Jeb Bush is out. But Marco Rubio is the real Bush in the 2016 race.
And that's not a good thing for the Florida senator
Jeb! is no more.
Of course, Jeb Bush the man lingers on, even after he put his massively disappointing and weirdly punctuated presidential campaign out of its misery after finishing sixth in Iowa, fourth in New Hampshire, and fourth in South Carolina. But after his shellacking in the 2016 race, few will care about Jeb — or the Bushes. Politically, he is a spent force. Through his fruitlessly awkward and then vindictively prideful thrashing, his campaign, and the Right to Rise spending operation associated with it, managed to wipe out Jeb's considerable influence within Republican circles and beyond.
The damage does not end there. Philosophically, Jeb Bush reminded Republicans of the one thing they had most hoped to forget: Bushism is a problem.
George W. Bush, hauled away from his cherished peace and quiet and painting, came to South Carolina to give his brother’s White House dream a decent burial. But neither Jeb nor Dubya can put the skeletons of the latter’s two terms back into the ground where the former haplessly disinterred them. As Donald Trump realized, many Republican voters are ready for someone — anyone — to seize upon the humiliations of the Bush years, drag them into the light, name and shame them, and demand as clean of a break as possible.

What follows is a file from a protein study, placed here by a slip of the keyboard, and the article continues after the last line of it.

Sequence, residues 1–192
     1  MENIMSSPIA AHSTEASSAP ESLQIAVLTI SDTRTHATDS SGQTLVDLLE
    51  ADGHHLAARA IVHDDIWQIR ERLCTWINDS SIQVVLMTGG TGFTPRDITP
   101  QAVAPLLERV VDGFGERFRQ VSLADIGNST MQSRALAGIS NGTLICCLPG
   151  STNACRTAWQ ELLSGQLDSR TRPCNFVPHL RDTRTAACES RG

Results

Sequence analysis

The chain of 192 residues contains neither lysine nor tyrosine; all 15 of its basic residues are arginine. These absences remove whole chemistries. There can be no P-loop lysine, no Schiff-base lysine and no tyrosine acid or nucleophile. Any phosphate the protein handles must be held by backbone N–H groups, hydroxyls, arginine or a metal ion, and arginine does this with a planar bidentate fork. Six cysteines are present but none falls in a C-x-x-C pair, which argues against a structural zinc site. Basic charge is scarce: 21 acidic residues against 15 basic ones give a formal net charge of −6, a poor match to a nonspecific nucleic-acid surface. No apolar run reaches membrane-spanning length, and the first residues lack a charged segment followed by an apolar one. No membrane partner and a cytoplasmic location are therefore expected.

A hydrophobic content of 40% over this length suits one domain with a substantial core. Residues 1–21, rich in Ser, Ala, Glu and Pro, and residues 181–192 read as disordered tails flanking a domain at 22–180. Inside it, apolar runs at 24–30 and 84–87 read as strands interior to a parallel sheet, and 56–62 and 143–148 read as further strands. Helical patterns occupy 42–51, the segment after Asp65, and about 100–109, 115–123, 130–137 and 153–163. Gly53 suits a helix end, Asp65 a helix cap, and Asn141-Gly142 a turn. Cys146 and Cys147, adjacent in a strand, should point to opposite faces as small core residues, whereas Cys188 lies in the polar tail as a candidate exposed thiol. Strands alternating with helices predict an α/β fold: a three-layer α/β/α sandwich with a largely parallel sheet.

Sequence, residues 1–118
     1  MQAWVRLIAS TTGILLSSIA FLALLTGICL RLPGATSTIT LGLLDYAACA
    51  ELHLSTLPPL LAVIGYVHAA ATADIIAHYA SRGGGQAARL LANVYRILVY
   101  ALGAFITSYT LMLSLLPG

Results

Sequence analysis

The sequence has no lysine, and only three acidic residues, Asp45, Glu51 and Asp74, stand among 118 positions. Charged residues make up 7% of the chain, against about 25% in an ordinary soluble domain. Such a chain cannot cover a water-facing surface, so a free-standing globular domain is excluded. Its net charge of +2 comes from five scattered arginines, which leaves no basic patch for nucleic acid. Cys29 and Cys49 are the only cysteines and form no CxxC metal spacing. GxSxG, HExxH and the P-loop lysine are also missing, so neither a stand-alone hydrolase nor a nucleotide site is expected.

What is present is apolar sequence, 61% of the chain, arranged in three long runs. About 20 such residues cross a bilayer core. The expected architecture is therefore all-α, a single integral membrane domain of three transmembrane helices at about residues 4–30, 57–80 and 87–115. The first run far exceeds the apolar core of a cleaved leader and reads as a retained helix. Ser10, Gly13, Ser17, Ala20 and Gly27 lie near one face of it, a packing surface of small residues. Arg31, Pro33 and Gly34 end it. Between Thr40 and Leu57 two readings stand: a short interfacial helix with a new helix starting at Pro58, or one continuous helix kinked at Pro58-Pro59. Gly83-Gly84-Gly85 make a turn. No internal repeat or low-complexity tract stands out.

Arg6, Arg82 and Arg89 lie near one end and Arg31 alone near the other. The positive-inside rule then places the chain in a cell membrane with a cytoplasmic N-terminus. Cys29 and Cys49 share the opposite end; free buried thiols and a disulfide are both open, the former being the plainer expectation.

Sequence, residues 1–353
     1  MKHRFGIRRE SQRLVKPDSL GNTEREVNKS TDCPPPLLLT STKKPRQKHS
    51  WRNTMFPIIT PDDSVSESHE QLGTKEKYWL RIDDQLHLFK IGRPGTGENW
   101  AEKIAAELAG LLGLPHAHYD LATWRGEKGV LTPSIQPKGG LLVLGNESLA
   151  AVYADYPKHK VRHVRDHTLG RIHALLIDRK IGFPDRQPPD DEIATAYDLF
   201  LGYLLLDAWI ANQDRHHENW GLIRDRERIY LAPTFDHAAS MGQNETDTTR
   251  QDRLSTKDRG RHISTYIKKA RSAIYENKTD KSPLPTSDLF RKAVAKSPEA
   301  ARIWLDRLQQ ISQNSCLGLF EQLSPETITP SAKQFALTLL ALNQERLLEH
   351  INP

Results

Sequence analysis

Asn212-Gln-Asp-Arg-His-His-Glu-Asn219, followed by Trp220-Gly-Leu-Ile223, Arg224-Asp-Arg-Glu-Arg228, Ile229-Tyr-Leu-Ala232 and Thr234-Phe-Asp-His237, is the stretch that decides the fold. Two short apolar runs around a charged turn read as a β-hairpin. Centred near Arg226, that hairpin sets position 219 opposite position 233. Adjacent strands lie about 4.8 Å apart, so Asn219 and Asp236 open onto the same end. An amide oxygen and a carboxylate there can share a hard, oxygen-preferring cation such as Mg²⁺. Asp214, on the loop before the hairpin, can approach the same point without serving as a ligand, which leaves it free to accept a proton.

That is why Jeb lost South Carolina; that is why his campaign is finished; that is why Trump romped to another victory; and that — on closer inspection, the real story of the night — is why Marco Rubio’s dream of beating Ted Cruz for second place should turn into a nightmare.
For with Bush out, it is clearer than ever that Rubio is the real Bush in the race. Having already betrayed Jeb, he is now well on his way to shivving George P. Bush, the actual Latino heir to the family dynasty. It is Rubio who has embraced Dubya and his frightfully damaged legacy as if it were the greatest inheritance of all, and Rubio who channels Bush’s cocky and Christian compassion more than anyone else in the field. Rubio, more than anyone, would set out to follow in Bush’s foreign policy footsteps. Rubio, one feels, has already memorized his rousing address unveiling his signature guest worker program.
And in the greatest reminder of W.’s stubbornness, Rubio seems unwilling to believe that he has now been taken host by the problem that Bushism is. Team Rubio, buoyed along by its staunchest supporters, seems intransigent in its conviction that the Trump insurgency is fueled by human scum, which must only be scraped off the bottom of the party boot heel for the GOP to be rid of them forever. There is zero awareness that the base has come unglued at last from the loyalty to the Bush years it has labored under for so long. Worse, there is not even an intuition that just a little repudiation could go such a long way.
Is there a way of getting through to Rubio before Jeb’s fate befalls him too? Probably not. Rubio, already the prisoner of a hubris feedback loop that demands and rewards increasingly messianic behavior, believes that he has eliminated not only Bush but Cruz from contention. If he can beat Cruz in evangelical-rich South Carolina, he can beat him anywhere! John Kasich, meanwhile, strikes Team Rubio as ridiculously un-Bush — a '90s-era process guy given to quasi-pantheistic free association and a bro-hug take on the soft humility Bush politically discarded after 9/11.
So here is Rubio, oblivious to the danger of talking as if we aren’t already 15 long and bitter years into the 21st century. At a time when more Republicans than ever are calling out for fundamental reform, abandoning the Bush legacy, he's offering a change in generations that would change nothing else.
Abandon all hope, ye who enter here.